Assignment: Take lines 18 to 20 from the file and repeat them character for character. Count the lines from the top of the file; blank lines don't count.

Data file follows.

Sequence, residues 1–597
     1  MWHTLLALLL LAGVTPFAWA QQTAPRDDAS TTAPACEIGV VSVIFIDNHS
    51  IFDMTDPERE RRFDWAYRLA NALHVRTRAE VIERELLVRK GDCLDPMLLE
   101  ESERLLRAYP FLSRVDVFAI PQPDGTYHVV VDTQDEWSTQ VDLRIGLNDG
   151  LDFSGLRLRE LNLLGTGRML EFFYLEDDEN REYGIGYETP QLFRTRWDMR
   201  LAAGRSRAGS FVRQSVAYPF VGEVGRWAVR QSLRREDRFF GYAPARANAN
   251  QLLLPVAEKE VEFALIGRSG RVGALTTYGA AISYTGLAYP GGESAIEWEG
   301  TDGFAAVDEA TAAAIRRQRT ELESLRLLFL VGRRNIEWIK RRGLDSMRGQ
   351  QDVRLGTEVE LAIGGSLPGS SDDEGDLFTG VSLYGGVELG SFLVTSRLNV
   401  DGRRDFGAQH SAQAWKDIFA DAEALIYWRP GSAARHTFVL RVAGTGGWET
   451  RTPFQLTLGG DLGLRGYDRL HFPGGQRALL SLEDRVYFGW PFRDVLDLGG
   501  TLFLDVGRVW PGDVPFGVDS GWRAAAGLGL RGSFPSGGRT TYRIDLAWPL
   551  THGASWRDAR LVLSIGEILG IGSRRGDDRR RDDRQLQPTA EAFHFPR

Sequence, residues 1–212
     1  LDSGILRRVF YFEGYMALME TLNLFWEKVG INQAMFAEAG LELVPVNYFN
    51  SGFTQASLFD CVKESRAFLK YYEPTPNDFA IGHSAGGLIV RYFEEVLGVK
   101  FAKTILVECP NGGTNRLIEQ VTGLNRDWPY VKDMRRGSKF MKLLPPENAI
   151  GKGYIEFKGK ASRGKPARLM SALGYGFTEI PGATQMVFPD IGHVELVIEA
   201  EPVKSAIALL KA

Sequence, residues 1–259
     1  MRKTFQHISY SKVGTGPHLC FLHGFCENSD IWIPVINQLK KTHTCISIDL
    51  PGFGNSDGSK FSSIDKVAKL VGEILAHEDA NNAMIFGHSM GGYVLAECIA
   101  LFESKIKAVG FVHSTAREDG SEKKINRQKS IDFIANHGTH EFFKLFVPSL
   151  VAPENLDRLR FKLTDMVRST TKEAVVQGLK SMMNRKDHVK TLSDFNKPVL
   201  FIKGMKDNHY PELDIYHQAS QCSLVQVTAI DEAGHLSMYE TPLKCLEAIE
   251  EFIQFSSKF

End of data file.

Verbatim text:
   151  GKGYIEFKGK ASRGKPARLM SALGYGFTEI PGATQMVFPD IGHVELVIEA
   201  EPVKSAIALL KA

Sequence, residues 1–259